It’s just such a strange mix of sweet, with stories of queer love, of incredibly traumatic events, with stories of being suicidal or loss, of hoplessness and hope as well. All the stories they had to tell got to me, especially of physical illness as it’s the one I’m most familiar with. One of personal goals this year is to find a better way to describe physical pain, which this did so incredibly well, along with emotional one. The stories are told in such a detailed and personal way, but at the same time putting words to more common emotions and situations brilliantly.

All my love to this poetry collection, I’ve definitely found a poet that will become one of my favourite. I’ll make sure to see it performed as spoken word pieces when I’m having a stable, good day because it took me thirty seconds out of five minutes to completely break down sobbing.

I received a copy through NetGalley in exchange for an honest review.

Favourite quotes

“You’re in the 7th grade. You don’t even know you want a girlfriend. You still believe in the people who believe in Jesus, can’t even feel that desire through it’s hell threat.”

– YOUR LIFE by Andrea Gibson

[…] but secretly my favourite season is flu season. The season of proof that I’m tough as Christ forgiving the nails. The season everyone I love becomes a raging customer at the complaint counter of life, like their birth certificate were warranties, their bodies promised technology guaranteeing protection from all viruses. They break down, Nyquil drunk and say, I haven’t been able to exercise in three days. The last time I got the flu it took me three days to notice. I thought the pain was just the pain. […] Good god, there isn’t a healthy body in the world that is stronger than a sick person’s spirit. Thirty times last month I thought, I can’t do this another day. Thirty times last month I did it another day.”

– GENDER IS THE KEY OF LYME DISEASE by Andrea Gibson

“During the visit, my niece only broke once, and only when the guard rattled his keys and rushed her to finish hugging her mother, the nightstick of his voice cracking over their bleeding goodbye. I restrained my fist in my pocket but wanted to knock him back to his own mother’s arms, where he might grow into a man without a uniform over his chest.”

– BLACK AND WHITE ANGEL by Andrea Gibson

RESENTMENT (VERB)

1. Loading the past into a cannon and murder this year.

Also the poems IVY (with great last lines), PHOTOSHOPPING MY SISTER’S MUGSHOT, ORLANDO, HURT THE FLY, ALL THE GOOD IN YOU, GIVE HER (so damn sweet), UNTIL WE ACT, LIVING PROOF.

Let’s Start the New Year with an Update

These are usually bi-weekly, but the last one was end october.

Here’s my TBR of physical books that I probably should get through in 2019, so I’ve halfways committed to it:

New book posts:

Other books I’ve been reading:

  • La belle sauvage by Philip Pullman, 4/5 stars
  • Six easy pieces by Richard Feynman (currently)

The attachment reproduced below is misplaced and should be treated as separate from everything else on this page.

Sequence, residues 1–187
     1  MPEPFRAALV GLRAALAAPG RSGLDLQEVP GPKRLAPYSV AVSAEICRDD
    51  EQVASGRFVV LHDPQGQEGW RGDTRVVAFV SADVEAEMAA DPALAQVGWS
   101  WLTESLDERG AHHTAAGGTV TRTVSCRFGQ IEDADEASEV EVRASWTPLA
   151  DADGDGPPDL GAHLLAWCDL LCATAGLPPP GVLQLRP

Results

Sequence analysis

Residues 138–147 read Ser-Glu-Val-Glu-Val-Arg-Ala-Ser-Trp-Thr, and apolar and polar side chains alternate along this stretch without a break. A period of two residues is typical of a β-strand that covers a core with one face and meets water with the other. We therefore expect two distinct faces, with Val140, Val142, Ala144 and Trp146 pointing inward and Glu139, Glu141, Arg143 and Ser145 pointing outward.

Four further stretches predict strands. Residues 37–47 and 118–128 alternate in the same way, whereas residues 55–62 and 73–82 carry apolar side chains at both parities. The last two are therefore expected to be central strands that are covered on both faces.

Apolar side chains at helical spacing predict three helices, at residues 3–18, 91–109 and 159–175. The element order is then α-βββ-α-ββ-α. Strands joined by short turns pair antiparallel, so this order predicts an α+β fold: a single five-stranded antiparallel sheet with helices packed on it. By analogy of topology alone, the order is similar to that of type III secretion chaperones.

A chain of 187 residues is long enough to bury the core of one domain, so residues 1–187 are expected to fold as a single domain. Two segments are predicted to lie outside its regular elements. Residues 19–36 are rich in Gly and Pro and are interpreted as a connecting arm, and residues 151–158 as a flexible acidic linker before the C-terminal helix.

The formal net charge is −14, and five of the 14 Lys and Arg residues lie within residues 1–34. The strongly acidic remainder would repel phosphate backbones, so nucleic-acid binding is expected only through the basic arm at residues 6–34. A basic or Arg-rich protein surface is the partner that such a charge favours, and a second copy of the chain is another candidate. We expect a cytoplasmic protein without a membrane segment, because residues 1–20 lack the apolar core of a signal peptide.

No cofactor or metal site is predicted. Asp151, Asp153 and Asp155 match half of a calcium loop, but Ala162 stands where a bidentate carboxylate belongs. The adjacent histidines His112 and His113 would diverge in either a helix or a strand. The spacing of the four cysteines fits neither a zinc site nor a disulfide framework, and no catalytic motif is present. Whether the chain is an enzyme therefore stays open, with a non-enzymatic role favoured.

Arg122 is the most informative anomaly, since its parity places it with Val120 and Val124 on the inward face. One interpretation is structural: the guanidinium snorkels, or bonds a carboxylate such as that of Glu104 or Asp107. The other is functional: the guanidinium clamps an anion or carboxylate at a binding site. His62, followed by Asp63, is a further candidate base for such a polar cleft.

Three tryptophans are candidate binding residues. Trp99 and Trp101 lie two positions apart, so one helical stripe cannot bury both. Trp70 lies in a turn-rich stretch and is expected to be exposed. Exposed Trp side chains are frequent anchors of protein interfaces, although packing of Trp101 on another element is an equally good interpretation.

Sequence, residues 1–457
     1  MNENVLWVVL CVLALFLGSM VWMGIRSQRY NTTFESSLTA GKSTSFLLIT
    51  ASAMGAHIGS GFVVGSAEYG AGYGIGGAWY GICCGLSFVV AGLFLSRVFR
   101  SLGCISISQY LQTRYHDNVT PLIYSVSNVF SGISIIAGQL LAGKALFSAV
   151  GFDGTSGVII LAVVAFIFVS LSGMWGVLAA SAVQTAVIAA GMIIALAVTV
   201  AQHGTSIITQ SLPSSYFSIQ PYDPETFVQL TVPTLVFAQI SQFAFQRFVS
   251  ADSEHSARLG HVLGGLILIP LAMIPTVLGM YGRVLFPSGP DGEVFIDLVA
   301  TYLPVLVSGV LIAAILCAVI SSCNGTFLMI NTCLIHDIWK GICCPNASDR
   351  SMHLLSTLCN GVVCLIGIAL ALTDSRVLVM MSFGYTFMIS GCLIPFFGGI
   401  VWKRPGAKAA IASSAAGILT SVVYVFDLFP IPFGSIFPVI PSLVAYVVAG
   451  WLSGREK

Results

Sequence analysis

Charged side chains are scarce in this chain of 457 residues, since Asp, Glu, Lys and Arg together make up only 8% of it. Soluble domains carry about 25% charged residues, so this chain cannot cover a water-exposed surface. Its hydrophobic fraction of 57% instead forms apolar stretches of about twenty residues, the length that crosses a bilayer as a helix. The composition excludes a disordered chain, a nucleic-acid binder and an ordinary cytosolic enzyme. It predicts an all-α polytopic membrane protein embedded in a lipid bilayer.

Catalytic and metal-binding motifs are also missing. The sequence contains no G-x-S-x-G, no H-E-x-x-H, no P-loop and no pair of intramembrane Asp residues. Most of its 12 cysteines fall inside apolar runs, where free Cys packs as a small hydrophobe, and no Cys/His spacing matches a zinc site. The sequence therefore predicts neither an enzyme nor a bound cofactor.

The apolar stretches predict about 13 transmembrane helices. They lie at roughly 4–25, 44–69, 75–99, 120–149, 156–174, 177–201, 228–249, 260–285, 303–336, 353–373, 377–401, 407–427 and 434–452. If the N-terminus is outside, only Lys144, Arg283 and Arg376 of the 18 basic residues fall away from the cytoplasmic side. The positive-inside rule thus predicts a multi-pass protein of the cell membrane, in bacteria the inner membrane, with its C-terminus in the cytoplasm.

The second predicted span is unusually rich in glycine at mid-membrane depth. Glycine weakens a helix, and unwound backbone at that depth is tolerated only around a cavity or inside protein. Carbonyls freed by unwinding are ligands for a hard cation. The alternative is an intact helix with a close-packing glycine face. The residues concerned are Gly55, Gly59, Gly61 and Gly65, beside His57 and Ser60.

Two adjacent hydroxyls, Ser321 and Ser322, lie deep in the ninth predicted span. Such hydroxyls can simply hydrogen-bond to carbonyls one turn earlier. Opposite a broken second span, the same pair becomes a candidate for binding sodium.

• At blackwater pond by Mary Oliver (currently)
  • The grand design by Stephen Hawking (currently)

DNF:

What if it’s us by Adam Silvera and Becky Albertalli – I like fluffy, but this felt like a romance just describing everyday things. I wanted to like it so much, but it wasn’t for me and after the karaoke bar I was out

Added to my TBR:

  • The five stages of Andrew Brawley by Shaun David Hutchinson (queer ya)
  • The apocalypse of Elena Mendoza by
    Shaun David Hutchinson (queer ya)
  • Skyward by Brandon Sanderson (sci-fi)
  • Ender’s game by Orson Scott Card (sci-fi)
  • Emergency contact by Mary Choi (ya)
  • Circe by Madeline Miller (fantasy)
  • How the immune system works by Lauren M Sompayrac (science)
  • Immuno-biology by Charles Janeway (science)
  • By grand central station I sat down and wept by Elizabeth Smart (poetry)
  • The falconer by Elizabeth May (ya fantasy)
  • The armored saint by Myke Cole (fantasy)
  • No matter by Jana Prikryl (poetry)
  • The year of femme by Cassie Donish (poetry)

Recent book buys:

  • Elantris by Brandon Sanderson
  • These shallow graves by Jennifer Donnelly
  • The grand design by Stephen Hawkings
  • Netgalley: Monument by Natasha Trethewey
  • Netgalley: Lord of the butterflies by Andrea Gibson

Three things on my mind:

  • 2019 is the year of Change for me, where change will come whether I like it or not and I don’t yet know if it’s going to be net-positive or net-negative. Last year had it extreme bad times and also very-good times. So I’ve decided to embrace it, to throw myself into the ocean of change and see what happens.
  • Coffee is my new love. I got a moka pot and it’s been my savior for the end of december and the beginning of january so far.
  • Nearly every toilet visit ended with blood for the last week, and I’m not on my period. TMI I know, but that’s life with crohn’s. I need that change – whatever it is – to come soon, I think. I feel like in a good space right now, but also like I’m watching a house burn around me and not feeling the heat of the flames yet. In other words – hell is surely coming. I’ll read in the meantime. Cheers.